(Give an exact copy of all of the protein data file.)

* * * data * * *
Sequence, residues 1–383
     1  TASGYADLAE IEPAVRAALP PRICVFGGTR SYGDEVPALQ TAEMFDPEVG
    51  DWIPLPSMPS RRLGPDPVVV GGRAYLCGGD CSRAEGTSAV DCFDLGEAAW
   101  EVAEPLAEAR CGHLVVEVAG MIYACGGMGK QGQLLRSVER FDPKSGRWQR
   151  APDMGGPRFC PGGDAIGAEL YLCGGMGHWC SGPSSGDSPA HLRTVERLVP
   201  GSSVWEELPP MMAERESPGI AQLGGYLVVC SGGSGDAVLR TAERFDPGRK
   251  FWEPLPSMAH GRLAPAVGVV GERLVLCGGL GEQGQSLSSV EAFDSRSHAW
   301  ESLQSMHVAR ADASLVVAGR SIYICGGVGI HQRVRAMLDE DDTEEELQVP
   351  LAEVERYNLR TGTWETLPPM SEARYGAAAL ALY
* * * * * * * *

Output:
Sequence, residues 1–383
     1  TASGYADLAE IEPAVRAALP PRICVFGGTR SYGDEVPALQ TAEMFDPEVG
    51  DWIPLPSMPS RRLGPDPVVV GGRAYLCGGD CSRAEGTSAV DCFDLGEAAW
   101  EVAEPLAEAR CGHLVVEVAG MIYACGGMGK QGQLLRSVER FDPKSGRWQR
   151  APDMGGPRFC PGGDAIGAEL YLCGGMGHWC SGPSSGDSPA HLRTVERLVP
   201  GSSVWEELPP MMAERESPGI AQLGGYLVVC SGGSGDAVLR TAERFDPGRK
   251  FWEPLPSMAH GRLAPAVGVV GERLVLCGGL GEQGQSLSSV EAFDSRSHAW
   301  ESLQSMHVAR ADASLVVAGR SIYICGGVGI HQRVRAMLDE DDTEEELQVP
   351  LAEVERYNLR TGTWETLPPM SEARYGAAAL ALY